translated from French by Anna Infantino
photos: © Anne-Marie Giroux
We’ve always wanted to go to Africa and Ghana was a country we knew little about. Without knowing why, we decided to go for a visit and find out firsthand how the people live. We arrived at the Kotoka International Airport in Ghana’s capital city Accra at night and, me, I had a fever. They stopped me from going through the security check to screen me for the Ebola virus. I got a little bit scared but only for a minute.
After about five minutes, that felt like 10, they returned my belongings with a big smile and I joined my partner Yves down the corridor to pick up our luggage.
Where to stay in Accra
Less than 30 minutes later, we arrived at Pink Hostel, the perfect place to stay. They had arranged for a taxi to pick us up from the airport and drove us directly there and throughout our stay, the staff were very friendly and helpful. I woke up the first morning feeling great and over the next four-and-a-half days, we met fellow travelers from Canada, the US, Europe and a troupe of about 10 traditional African dancers who were staying at the hostel while on tour.
Where to eat in Accra
What to do in Accra
As an artist, I wanted to visit the National Museum of Ghana but when we arrived at the site we learned that the museum was closed to visitors as it was under renovation. We quickly realized that there was a garden full of sculptures so we decided to take a walk around the grounds. We don’t know who the artists are or when the pieces were created but it was well-worth the effort to see the artwork. See photos of the National Museum of Ghana sculpture garden.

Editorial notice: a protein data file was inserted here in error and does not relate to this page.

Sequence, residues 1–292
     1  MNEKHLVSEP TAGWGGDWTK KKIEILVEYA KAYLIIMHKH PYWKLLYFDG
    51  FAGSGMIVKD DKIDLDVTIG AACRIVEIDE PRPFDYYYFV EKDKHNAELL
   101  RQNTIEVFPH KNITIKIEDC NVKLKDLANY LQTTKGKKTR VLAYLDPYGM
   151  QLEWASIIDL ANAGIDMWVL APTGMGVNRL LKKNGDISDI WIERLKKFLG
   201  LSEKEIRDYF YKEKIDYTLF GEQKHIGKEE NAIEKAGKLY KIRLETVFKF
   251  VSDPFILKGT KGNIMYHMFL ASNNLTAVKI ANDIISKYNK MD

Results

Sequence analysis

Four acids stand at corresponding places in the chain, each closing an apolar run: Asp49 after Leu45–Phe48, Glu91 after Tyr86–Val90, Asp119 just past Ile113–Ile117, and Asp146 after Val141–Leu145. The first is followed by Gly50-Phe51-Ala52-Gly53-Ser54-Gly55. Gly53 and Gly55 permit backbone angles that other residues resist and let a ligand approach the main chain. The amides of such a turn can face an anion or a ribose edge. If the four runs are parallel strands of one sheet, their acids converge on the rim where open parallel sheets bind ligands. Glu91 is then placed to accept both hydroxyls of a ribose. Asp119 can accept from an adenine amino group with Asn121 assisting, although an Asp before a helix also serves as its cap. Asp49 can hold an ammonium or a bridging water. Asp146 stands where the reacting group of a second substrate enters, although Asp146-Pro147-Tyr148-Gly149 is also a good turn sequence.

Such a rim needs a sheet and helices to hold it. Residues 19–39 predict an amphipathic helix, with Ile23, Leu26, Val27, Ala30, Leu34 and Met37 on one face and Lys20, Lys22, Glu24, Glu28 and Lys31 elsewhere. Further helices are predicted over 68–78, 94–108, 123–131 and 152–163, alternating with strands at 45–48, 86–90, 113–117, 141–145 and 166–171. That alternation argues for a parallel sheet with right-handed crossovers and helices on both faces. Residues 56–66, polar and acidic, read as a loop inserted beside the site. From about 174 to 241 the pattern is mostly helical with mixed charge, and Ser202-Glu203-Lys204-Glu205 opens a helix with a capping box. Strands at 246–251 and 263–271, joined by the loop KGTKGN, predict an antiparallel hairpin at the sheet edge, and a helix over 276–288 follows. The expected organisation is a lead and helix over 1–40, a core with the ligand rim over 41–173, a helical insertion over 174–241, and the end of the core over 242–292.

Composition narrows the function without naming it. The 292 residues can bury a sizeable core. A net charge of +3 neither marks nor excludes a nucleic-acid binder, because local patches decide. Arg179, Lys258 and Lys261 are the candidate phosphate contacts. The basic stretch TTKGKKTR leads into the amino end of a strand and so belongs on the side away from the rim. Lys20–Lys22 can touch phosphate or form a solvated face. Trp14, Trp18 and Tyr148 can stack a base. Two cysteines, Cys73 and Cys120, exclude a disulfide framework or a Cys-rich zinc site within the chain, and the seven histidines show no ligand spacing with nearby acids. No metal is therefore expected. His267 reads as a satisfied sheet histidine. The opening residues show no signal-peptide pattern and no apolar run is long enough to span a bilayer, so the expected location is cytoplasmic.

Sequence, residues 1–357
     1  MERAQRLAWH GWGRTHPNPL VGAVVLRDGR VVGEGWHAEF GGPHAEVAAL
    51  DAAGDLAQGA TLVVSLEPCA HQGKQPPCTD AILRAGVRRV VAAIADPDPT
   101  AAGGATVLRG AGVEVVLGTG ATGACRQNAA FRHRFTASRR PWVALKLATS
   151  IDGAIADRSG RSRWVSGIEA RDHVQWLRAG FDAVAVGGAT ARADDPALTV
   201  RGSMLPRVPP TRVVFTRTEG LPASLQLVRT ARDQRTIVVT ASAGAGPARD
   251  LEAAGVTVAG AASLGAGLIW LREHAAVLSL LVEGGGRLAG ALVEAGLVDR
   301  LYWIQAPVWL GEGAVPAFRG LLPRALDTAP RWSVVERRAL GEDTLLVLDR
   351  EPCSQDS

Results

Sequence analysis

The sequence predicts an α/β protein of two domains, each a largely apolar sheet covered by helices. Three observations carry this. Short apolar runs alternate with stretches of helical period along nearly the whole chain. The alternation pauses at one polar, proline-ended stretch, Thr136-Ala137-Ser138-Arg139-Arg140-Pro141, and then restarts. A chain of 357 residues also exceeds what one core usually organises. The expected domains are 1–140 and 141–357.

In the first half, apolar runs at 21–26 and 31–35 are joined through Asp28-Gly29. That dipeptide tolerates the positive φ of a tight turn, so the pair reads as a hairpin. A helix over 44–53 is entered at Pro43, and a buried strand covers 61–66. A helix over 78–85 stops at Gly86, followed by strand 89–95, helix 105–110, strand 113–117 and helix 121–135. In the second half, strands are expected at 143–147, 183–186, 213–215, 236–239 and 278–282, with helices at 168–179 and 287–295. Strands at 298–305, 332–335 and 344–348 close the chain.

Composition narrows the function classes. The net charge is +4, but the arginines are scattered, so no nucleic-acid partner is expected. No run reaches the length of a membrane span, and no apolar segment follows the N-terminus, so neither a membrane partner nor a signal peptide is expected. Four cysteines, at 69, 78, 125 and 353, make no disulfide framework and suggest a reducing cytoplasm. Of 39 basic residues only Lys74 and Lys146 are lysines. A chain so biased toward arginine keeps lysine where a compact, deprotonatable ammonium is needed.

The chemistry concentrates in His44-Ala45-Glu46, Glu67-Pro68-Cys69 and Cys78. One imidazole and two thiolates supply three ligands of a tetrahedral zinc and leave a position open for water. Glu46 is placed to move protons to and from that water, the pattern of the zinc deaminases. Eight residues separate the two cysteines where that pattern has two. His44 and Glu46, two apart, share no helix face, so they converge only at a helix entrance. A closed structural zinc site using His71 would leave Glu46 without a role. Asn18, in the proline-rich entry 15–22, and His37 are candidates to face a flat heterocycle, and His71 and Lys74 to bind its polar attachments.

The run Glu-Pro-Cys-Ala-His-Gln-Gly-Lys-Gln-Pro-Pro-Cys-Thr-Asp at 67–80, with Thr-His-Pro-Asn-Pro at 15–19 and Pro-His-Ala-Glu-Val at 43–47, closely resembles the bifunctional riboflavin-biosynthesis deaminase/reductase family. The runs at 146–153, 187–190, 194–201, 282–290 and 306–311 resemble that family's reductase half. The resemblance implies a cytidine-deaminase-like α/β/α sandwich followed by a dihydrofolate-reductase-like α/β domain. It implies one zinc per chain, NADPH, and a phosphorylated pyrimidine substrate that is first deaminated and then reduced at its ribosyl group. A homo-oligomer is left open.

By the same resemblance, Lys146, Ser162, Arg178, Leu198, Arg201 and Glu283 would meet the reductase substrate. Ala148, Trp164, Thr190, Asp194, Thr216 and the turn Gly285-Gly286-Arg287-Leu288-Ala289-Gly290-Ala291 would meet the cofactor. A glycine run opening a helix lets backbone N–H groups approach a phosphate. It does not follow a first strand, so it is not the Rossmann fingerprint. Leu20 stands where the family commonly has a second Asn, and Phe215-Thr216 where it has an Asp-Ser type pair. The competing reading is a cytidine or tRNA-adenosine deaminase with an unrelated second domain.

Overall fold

We then decided to explore the city and met Prince Owusu, a very nice resident of Accra. Thanks to Prince, we got to visit the Kwame Nkrumah Mausoleum and Memorial Park, named after the father of independence of Ghana, on our first day. Prince also helped us to cross the Osu district at nightfall on our second day and to visit Jamestown, Accra’s oldest district on our third day. Go on a guided tour of the Kwame Nkrumah Mausoleum and Memorial Park via our photos. It’s a serene nature sanctuary in downtown Accra.
We went to buy fabrics at Makola Market with Steven, the friendly taxi driver we met at the Pink Hostel! A great way to discover the city! On our way back, the chief of security of the hostel brought us to his friend, a tailor, to get measured for some shirts for Yves. Within 24 hours after taking Yves’ measurements, we were presented with two beautiful tailor-made African shirts with fabric that we bought at the huge open market in the city. See what it’s like on the way to Makola Market through our photos.
With the help of Prince and his best friend Anim, we visited Jamestown, the oldest part of the city of Accra. Animals roamed freely near the beach. On our way to Jamestown we spotted two pigs running around together and a beautiful goat.
Prince and Anim guided us into the Ussher Fort, which was used for the slave trade in Ghana. During the visit, it was tough not to feel the suffering of human beings who were sent on ships as slaves to their death or until they reached their destination in a strange land across the ocean. We arrived in front of a very dark and small cell and they showed us a long metal instrument that they explained, was used to torture and kill people. It was hard not to feel the horror. At that point I started to cry. It is also in this same fort that Kwame Nkrumah was imprisoned before becoming the First President of Ghana. Visit Ussher Fort through our photos.
After visiting the fort, Prince and Anim brought us to the beach. On Sunday, everyone is on holiday!
Our last day, time to say goodbye to all these beautiful people we had the pleasure of meeting. This trip has been unforgettable! Au revoir Ghana!
For a tour guide in/outside Accra, you can contact:
Prince Owusu: firstname.lastname@example.org or Anim Forson: email@example.com
by Anne-Marie Giroux, Montreal, Quebec, Canada
Photos from 2016